Matt Harvey plan perfectly awful as Yankees rip Mets, take Subway Series

NEW YORK -- The Matt Harvey plan might work for Harvey, and it might still work for the New York Mets.

Sunday night, it looked awful.

Here were the Mets, in the middle of a pennant race, removing their top starting pitcher from a 1-0 game he was dominating, and watching a needed win turn into an 11-2 blowout loss to the New York Yankees. Here were the Mets, who designed this newest Harvey plan at least in part in hopes of having him to pitch in the playoffs, watching that plan cost them a win they might have needed to get to those playoffs.

The Mets still have a six-game lead over the Washington Nationals, with just 13 games remaining and a favorable upcoming schedule. But even if Sunday's loss didn't dramatically lessen their chances of winning the National League East, it sure did raise the level of drama surrounding the Mets and their ace.

Even though the Mets had skipped Harvey starts before, this was the first time they began a game with a plan to pull him early, no matter how well he was pitching. Manager Terry Collins was going to allow Harvey just five innings, with the outside chance he could pitch a sixth had his pitch count stayed extremely low.

As it was, Harvey's pitch count through five innings was low (77), but not extreme enough. He allowed no runs and one infield hit, with one walk and seven strikeouts.

And he was done. So were the Mets, at least in this game. They gave up five runs in an ugly sixth inning, as their fans seethed in the stands and their manager seemed to seethe in the dugout.

"You don't want to know what I was thinking," Collins said. "You might want to know, but I can't tell you."

He says he's on board with the plan. Harvey is said to be on board with it, too, although he wouldn't directly answer that or any other question in his brief postgame remarks.

"More than anything, I want to be out there," he said. "I want to be out there more than anything. I know where I want to be, and that's on a mound, pitching for the Mets."

He was on the mound Sunday, but not in the way an ace would normally be out there in a pennant race. He'll be out there again, if the Mets stick to the latest plan, maybe two more times in the regular season but quite possibly for fewer than five innings the next time.

Imagine if the Mets held only a one-game lead in the division. Imagine if the lead shrinks dramatically by the next time Harvey goes to the mound.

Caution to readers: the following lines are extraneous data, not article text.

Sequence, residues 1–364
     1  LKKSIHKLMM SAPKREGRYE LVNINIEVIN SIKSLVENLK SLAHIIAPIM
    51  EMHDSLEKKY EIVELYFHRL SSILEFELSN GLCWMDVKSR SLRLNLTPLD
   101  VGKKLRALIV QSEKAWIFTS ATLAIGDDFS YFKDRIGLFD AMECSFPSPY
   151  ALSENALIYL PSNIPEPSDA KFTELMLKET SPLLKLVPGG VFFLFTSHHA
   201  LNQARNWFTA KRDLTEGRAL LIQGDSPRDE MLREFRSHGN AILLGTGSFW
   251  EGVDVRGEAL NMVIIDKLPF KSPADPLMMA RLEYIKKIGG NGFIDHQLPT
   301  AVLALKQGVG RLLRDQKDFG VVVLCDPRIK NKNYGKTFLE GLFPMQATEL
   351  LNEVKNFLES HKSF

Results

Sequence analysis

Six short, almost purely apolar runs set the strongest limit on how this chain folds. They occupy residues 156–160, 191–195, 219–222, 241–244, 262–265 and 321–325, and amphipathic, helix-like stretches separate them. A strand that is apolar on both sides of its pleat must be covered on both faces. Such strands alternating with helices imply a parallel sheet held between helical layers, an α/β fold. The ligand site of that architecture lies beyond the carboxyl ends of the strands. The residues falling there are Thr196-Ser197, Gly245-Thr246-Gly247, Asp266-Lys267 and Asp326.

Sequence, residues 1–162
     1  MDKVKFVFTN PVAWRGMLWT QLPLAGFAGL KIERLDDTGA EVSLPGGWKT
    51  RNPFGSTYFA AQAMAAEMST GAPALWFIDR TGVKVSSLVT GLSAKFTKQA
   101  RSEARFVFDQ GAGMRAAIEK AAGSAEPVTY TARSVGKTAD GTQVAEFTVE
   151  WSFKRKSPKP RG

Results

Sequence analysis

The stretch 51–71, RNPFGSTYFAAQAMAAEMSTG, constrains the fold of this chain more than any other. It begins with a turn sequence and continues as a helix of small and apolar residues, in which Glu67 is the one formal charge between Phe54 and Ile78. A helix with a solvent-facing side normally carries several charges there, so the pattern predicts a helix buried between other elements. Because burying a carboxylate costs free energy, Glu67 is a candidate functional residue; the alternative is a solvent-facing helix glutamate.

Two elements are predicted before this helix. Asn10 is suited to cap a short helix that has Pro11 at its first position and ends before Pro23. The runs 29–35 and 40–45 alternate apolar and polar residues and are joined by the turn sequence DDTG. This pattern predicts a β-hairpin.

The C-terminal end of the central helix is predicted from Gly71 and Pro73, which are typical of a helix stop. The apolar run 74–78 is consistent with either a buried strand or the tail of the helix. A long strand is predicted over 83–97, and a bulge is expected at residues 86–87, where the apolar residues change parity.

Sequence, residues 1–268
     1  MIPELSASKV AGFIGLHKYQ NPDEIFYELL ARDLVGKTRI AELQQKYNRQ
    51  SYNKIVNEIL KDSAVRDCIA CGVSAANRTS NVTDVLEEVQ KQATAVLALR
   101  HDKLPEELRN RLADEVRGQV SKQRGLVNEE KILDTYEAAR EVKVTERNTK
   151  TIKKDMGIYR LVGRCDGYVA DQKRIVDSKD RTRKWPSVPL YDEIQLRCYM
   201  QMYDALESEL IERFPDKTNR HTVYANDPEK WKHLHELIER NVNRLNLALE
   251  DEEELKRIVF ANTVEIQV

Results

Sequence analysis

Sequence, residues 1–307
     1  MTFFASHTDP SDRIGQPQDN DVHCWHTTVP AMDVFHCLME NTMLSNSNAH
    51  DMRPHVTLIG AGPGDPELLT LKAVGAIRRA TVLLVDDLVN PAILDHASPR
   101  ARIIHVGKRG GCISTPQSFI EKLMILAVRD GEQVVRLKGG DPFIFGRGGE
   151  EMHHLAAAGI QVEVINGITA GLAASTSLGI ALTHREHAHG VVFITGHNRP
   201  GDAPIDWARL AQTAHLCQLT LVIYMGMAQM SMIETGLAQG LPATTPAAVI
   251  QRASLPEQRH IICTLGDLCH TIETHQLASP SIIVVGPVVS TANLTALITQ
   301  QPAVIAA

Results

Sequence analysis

Or imagine if the Mets have Harvey start a playoff game, then pull him with a one-run lead and a low pitch count after five innings.

"I think the situation would be a lot different," Harvey said.

Would it be?

"As I sit here today, I'm pretty sure it won't happen [that way]," Collins said. "Will it happen? I can't answer that. That's too far down the line."

Given how many times the Harvey plan has changed already, what would an answer today be worth, anyway?

Already, this plan, designed as a compromise between the Mets and agent Scott Boras in consultation with Harvey's doctors, put Collins in an unusual and uncomfortable position Sunday.

The Mets had given Harvey a 1-0 lead on back-to-back Ruben Tejada and David Wright doubles in the first inning. When it was still 1-0 in the fourth, with Harvey nearing his limit and his spot in the order coming up with two out and two on, Collins considered pinch hitting. He didn't, because he thought one more inning from Harvey might allow him to set his bullpen up to preserve the lead.

His plan was to use Hansel Robles in the sixth, followed by Addison Reed, Tyler Clippard and Jeurys Familia.

"We never got there," Collins said.

Collins called the situation a "perfect storm," because Harvey was pitching so well and the lead in the game was so slim.

"You couldn't have set it up any worse than it was," he said.

Yes, actually you could have. Because the Mets still have a substantial lead in the division, Sunday's game was important but perhaps not crucial. If you assume that this Harvey plan will preserve enough innings that he can pitch in the playoffs, you could also argue that what happened Sunday was worth it.

That assumes, of course, that you believe the innings limits themselves make sense for a pitcher in his first season back from Tommy John surgery. But that's a whole other argument.

The limits are in place. The latest Harvey plan remains in place.

Sunday, it looked awful.